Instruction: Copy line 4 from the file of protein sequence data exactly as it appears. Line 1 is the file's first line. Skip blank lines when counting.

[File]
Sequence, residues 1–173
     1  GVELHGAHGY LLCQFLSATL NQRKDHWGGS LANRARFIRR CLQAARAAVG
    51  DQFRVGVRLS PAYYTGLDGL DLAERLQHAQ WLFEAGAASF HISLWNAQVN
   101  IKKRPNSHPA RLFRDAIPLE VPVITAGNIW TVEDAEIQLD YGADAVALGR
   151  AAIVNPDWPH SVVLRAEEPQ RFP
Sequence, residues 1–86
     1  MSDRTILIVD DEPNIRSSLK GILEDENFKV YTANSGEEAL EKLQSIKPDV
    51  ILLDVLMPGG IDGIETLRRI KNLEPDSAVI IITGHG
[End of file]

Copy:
   101  IKKRPNSHPA RLFRDAIPLE VPVITAGNIW TVEDAEIQLD YGADAVALGR